Outreach and Education Division

    The EDUCATION AND OUTREACH DIVISION supports chemistry education at all levels, including K-12, college, and adult/continuing education. It maintains liaisons to the Chicago Public Schools and the American Association of Chemistry Teachers (AACT). The Division engages the general public in chemistry-related educational activities, participates in ACS activities at the annual Illinois State Fair, and publicizes all events and news-related content. The division oversees the annual Project SEED program for the Section as well as the Project SEED scholarships. The Division also assists public officials and other community bodies concerning chemistry-related matters. The Education and Outreach Division includes the Education, Outreach, Project SEED, and Public Affairs Committees.

    The EDUCATION COMMITTEE provides chemistry-related educational programs and information to learners of all ages and actively engages with educators at the pre-K-12 and college levels. Subcommittees include:

    • AACT Liaison
    • College Education Subcommittee
    • Continuing Education Subcommittee
    • Chicago School Board Liaison
    • K - 12 Education Subcommittee


    The PUBLIC AFFAIRS COMMITTEE ensures that section members and public officials and bodies are informed of matters where the knowledge and practice of chemistry is of substantial public importance. These matters can include government issues, environmental issues and the social responsibility of chemists. The Public Affairs Committee gives the Public Affairs Award biennially.

    The OUTREACH COMMITTEE engages the general public, educators and children in chemistry-related educational activities and participates in many different types of events around the greater Chicago area.   Subcommittees include:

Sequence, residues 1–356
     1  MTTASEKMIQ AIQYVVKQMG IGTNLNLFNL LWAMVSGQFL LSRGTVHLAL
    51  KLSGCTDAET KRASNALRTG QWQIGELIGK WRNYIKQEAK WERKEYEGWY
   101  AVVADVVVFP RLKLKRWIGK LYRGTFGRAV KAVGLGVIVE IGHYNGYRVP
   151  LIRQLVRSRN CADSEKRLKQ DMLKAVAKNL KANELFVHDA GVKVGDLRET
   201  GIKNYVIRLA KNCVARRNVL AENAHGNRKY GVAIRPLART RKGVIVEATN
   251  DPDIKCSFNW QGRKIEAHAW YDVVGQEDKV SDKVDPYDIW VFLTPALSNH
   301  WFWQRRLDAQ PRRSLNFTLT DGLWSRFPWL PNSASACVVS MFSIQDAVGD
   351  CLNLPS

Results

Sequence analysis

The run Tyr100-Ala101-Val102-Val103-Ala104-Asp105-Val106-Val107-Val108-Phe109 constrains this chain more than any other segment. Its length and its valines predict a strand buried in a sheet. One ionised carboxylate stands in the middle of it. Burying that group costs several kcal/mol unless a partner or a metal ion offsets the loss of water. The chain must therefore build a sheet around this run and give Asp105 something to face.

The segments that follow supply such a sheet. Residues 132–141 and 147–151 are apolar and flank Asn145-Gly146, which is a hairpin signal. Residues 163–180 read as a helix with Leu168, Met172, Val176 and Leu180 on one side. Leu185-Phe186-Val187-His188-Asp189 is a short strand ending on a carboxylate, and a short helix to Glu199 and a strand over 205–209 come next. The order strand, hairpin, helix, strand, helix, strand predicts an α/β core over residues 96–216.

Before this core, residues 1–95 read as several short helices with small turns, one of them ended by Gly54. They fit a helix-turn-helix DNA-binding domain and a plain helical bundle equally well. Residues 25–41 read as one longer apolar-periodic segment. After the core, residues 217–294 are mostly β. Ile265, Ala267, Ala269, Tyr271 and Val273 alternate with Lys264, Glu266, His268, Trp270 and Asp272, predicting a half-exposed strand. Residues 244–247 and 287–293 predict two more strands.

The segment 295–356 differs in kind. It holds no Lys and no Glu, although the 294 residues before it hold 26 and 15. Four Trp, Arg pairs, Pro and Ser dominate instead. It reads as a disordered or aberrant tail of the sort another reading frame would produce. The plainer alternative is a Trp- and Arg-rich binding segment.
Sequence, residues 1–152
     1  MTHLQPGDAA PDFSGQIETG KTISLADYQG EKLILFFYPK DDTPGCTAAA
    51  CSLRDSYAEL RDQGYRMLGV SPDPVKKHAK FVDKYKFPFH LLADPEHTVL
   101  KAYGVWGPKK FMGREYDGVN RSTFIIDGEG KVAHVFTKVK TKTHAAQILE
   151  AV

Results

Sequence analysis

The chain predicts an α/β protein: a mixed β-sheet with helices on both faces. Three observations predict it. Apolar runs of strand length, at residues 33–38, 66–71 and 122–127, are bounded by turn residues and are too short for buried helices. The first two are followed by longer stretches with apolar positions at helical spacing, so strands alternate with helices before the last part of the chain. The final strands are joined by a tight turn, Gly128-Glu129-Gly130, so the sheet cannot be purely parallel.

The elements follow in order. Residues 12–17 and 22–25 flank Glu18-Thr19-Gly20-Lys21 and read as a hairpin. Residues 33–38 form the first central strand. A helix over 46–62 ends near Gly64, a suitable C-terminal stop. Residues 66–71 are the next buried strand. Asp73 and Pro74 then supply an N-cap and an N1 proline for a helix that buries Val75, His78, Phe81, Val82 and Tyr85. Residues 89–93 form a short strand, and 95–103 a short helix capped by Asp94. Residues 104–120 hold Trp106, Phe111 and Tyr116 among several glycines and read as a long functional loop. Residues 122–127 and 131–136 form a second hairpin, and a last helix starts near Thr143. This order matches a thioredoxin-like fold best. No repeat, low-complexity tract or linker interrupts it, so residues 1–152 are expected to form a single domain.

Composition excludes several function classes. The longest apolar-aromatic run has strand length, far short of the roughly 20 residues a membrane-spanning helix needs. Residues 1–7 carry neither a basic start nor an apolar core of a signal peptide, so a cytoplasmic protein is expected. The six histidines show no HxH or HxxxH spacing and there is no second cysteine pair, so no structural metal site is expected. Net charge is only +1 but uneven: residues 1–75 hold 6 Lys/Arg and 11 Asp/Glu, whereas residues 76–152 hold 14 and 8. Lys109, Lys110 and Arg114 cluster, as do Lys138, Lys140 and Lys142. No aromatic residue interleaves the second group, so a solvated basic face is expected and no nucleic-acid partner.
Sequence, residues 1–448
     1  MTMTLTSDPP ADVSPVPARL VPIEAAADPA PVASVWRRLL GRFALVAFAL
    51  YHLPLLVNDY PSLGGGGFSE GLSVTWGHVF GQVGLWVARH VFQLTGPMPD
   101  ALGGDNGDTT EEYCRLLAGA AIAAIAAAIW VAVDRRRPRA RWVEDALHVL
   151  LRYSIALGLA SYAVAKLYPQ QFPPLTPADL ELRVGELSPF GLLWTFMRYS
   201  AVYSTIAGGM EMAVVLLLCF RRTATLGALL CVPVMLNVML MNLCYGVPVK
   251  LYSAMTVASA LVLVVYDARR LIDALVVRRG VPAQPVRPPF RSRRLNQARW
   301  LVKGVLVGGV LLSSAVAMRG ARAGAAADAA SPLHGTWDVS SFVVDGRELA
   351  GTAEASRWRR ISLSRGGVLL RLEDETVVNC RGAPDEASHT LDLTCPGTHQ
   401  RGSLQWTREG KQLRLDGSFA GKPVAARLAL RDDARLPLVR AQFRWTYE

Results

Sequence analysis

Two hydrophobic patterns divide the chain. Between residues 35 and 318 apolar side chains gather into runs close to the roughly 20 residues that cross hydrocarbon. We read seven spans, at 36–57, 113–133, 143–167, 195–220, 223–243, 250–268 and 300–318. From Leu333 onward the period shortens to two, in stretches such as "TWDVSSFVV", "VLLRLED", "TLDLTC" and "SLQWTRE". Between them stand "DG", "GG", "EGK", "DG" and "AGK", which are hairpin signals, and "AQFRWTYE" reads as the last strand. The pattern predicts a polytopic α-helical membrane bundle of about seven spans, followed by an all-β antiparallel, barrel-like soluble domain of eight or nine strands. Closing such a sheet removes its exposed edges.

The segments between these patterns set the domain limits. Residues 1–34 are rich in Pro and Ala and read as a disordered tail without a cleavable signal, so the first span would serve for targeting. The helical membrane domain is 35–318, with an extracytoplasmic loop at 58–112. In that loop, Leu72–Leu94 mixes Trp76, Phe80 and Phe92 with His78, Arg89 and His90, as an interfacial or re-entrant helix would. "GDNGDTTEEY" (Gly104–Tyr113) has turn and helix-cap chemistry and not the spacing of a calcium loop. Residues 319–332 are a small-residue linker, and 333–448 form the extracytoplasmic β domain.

• Community Activities Subcommittee
    • Illinois State Fair Subcommittee


    PROJECT SEED COMMITTEE identifies interested low-income and/or minority high school junior and senior students who are interested in participating in a paid summer research experience with  a college or university faculty member.  It supports financial and logistical concerns for the student/ faculty relationships and communicating  relevant program information to the national ACS organization.  The committee is also responsible for distributing Project SEED awards to support the internships. 

    Chasing Puddles

    November 2017:

    In the February 2017 edition of ChemShorts For Kids you investigated some unique properties of water like cohesion. I want to take a look at that again using a different experiment.


    Wax paper, Water, Food coloring, Toothpicks, Dropper, Dish soap


    Have different colors of water available and using a dropper, put a few drops of water in different places onto the wax paper. Stick the toothpick into the middle of one of the droplets and move it around on the wax paper. You can move the droplet around to wherever you like and even join your droplet with another to make a droplet twice as big. Try mixing different colors of droplets and see what happens. Once you finally tire of dragging around droplets, put your toothpick into some soap and then try dragging your droplet. What happened?

    What’s happening?

    Just like last February’s article, water is a polar molecule which means that there is a positive and negative end to the molecule – similar to a magnet. And what happens when magnets are put together? They stick together like water molecules stick together. Wax paper on the other hand is nonpolar and so water has a much greater attraction for other water molecules than it does for nonpolar wax paper. Therefore the water molecules would prefer to hang out together (cohesion) than to be associated with the wax paper. Once you add the soap however, the soap molecules have the effect of breaking down those attractive forces that the water molecules have for each other and create what is referred to a as a micelle. In the diagram below you see the soap molecule has a nonpolar end and a polar end. The water (H2O) is attracted to the polar end while all the nonpolar ends hang out together. This nonpolar end is going to be attracted to the wax paper so the water tends to have more attraction toward the wax paper now since it is associated with it through the soap molecule.


    To view all past “ChemShorts for Kids”, go to:

    Paul Brandt